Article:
Building a Simple ChatΒΆ

We will start creating the simplest chat application. In only a few lines of JavaScript we will have a publish/subscribe channel where users can publish their messages and subscribe to what others are saying in real-time.

First things first, let’s make a HTML layout where we can see our progress. The component we are writing in this step looks like this:

../_images/step1.png

You can download this HTML layout here , the css here and carotene.js, the JavaScript Carotene library here.

Apart from some HTML boilerplate, the layout contains this piece of code:

<div class="row">
    <div class="col-md-5" id="scoreboard">
        <div id="scoreboard-messages">
        </div>
        <div class="input-group" id="publish-scoreboard-msg">
            <input type="text" class="form-control" placeholder="New message">
            <span class="input-group-addon" id="publish-general-chat">PUBLISH</span>
        </div>
    </div>
    <div class="col-md-3" id="general-chat">
        <div id="general-chatbox">
        </div>
        <div class="input-group" id="publish-chat-msg">
            <input type="text" class="form-control" placeholder="New message" id="general-chat-input">
            <span class="input-group-addon" id="publish-general-chat">PUBLISH</span>
        </div>
    </div>
</div>

This defines two areas. The bigger one, on the left, will be used to display the comments of the administrator. The smaller one will host a general chat for supporters of both teams, where everyone can publish. In this step we will implement the general chat.

Now we are ready to bring dynamic elements to the application, communicating with Carotene from JavaScript in the client.

In the rest of the tutorial we will assume that you have a Carotene node running and listening to port 8081. If you have not installed Carotene yet, this is a good moment. Check out the Installation page of the manual.

Now let’s add two features:

  • When a user clicks the “Send” button, we will publish the entered text to the channel chat.
  • We will subscribe to the chat channel and set up a callback that will be called when a message is received, so we can update the list of received messages.

Place this code at the end of your HTML page (or in a separate file, if you prefer).

<script>
$( document ).ready(function(){

    // Initialize connection with Carotene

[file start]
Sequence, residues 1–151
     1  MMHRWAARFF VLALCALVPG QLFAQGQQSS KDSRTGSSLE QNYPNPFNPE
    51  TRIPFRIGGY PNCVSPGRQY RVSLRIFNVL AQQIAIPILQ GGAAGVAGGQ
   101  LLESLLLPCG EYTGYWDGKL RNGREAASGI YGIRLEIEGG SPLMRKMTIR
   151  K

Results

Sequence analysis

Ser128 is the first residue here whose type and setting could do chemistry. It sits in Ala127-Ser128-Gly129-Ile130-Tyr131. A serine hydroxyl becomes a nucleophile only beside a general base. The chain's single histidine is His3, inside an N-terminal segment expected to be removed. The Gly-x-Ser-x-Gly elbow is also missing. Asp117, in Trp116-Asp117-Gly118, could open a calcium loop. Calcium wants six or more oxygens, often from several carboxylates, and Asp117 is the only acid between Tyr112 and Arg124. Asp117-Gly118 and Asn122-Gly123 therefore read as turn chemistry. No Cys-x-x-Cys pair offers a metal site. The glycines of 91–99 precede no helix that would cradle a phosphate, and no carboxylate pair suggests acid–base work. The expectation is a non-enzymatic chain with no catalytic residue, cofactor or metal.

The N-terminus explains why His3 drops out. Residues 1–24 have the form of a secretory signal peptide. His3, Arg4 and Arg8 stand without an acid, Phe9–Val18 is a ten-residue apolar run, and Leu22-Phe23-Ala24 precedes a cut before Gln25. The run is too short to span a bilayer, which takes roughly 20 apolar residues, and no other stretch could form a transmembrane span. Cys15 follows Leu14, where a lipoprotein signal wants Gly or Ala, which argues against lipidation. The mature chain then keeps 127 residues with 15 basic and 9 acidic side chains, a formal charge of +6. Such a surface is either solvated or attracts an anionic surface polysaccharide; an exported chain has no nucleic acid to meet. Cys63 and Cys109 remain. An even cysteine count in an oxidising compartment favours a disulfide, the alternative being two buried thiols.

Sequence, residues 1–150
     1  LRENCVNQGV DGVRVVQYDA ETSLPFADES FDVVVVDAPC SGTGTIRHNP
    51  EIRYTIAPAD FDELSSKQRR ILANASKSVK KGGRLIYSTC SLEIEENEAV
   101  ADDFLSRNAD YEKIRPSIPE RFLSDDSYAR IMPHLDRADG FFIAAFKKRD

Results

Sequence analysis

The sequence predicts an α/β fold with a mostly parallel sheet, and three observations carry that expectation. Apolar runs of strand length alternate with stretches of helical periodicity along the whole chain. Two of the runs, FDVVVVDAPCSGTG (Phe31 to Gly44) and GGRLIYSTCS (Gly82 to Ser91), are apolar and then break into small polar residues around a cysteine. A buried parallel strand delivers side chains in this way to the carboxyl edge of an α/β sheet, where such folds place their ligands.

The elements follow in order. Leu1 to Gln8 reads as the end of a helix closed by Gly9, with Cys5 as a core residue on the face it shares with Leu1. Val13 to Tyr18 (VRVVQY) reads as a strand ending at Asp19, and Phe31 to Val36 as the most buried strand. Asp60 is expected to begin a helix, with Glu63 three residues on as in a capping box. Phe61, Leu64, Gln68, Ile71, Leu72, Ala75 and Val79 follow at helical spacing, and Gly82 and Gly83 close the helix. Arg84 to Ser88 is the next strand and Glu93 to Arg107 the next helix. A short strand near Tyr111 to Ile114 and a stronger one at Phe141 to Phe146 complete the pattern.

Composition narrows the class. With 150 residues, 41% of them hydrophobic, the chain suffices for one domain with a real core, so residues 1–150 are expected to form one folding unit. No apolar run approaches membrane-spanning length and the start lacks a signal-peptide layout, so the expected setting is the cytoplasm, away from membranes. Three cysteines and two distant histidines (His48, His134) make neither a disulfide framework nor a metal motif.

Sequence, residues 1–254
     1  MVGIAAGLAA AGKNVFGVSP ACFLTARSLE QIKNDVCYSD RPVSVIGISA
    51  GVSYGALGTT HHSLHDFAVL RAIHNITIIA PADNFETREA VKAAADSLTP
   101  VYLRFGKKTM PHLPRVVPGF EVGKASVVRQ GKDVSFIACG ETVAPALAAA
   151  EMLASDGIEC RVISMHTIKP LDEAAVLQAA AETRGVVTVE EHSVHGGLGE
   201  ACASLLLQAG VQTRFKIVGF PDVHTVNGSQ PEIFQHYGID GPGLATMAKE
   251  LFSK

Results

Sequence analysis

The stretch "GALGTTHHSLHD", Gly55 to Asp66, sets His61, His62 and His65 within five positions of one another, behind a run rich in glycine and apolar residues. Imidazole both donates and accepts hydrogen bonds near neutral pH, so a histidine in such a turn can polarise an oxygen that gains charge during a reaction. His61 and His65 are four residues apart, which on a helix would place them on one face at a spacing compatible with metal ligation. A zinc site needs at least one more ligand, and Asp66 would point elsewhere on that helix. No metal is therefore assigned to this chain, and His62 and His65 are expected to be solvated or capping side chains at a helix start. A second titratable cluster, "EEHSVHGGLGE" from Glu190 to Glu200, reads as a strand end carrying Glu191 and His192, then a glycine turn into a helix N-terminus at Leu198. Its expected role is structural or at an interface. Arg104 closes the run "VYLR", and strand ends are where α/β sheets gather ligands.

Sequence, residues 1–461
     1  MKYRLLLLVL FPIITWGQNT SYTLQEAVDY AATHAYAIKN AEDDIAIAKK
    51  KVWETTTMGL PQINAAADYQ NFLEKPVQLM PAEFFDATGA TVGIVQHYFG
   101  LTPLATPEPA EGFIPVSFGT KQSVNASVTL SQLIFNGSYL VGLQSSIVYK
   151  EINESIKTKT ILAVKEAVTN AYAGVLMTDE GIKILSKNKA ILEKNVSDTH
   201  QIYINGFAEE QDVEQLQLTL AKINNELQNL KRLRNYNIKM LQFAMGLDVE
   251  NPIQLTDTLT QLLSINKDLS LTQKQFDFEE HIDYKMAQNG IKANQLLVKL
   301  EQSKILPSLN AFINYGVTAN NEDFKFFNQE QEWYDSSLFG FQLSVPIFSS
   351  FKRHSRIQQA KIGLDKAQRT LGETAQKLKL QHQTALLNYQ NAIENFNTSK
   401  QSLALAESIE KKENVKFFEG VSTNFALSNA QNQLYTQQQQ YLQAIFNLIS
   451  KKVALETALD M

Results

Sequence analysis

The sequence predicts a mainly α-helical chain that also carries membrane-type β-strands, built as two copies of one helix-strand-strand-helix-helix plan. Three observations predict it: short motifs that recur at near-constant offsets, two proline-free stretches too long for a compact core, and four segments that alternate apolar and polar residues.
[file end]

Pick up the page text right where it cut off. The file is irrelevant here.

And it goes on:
Carotene.init({
        caroteneUrl: 'ws://localhost:8081/stream'
    });

    // Subscribe to a channel.
    // When a message is received, append it to the chat box.
    Carotene.subscribe({channel: 'chat',
        onMessage: function(message) {
            $('#general-chatbox').append('<div class="chatMessage">'+message.message+'</div>');
            var chatbox = $('#general-chatbox');
            chatbox.scrollTop(chatbox.prop("scrollHeight"));
        }
    });

    // Publish message to 'chat' channel
    var publishChatMsg = function() {
       Carotene.publish({
           channel: 'chat',
           message: $('#general-chat-input').val()
       });
       $('#general-chat-input').val('');
    };

    // Register jQuery event to clicks to the Send button
    $(document).on('click', '#publish-general-chat', function() {
        publishChatMsg();
    });

    // Register jQuery event to publish when the 'enter' key is pressed
    $('#general-chat-input').keypress(function (e) {
        if (e.which == 13) {
            publishChatMsg();
        }
    });

});
</script>

Reload your page and try to write. This is it, a chat running in real-time. Go and open another tab or open the page in a different device. If you write in one window, you will see the messages updating automatically.

There are three calls that are worth of discussion:

// Initialize connection with Carotene
Carotene.init({
    caroteneUrl: 'ws://localhost:8081/stream'
});

This call starts a Websockets connection to our Carotene server. After this moment, we have a bidirectional communication channel with the server where we can send and receive messages.

If, for some reason, the user environment does not support Websockets, Carotene will fall back to long-polling instead. You don’t have to worry about this, Carotene will manage it transparently.

// Subscribe to a channel.
// When a message is received, append it to the chat box.
Carotene.subscribe({channel: 'chat',
    onMessage: function(message) {
        $('#general-chatbox').append('<div class="chatMessage">'+message.message+'</div>');
        var chatbox = $('#general-chatbox');
        chatbox.scrollTop(chatbox.prop("scrollHeight"));
    }
});

With this call, we declare that we want to do some action when a message is received in the channel chat. We subscribe to the channel and bind a callback to this event. In our case, it will create an HTML element with the text of the message.

// Publish message to 'chat' channel
var publishChatMsg = function() {
   Carotene.publish({
       channel: 'chat',
       message: $('#general-chat-input').val()
   });
   $('#general-chat-input').val('');
};

We will call the publishChatMsg function to publish a message to the chat channel.

With this, we have a simple chat room. In the next chapter we will see how to authenticate users against our backend, where we have information about the users of our site.

Check out the next step of the tutorial: Authenticating Users

We are always looking for ways to improve the documentation. If you have problems or suggestions, open a pull request or send us an email at nacho@limenius.com.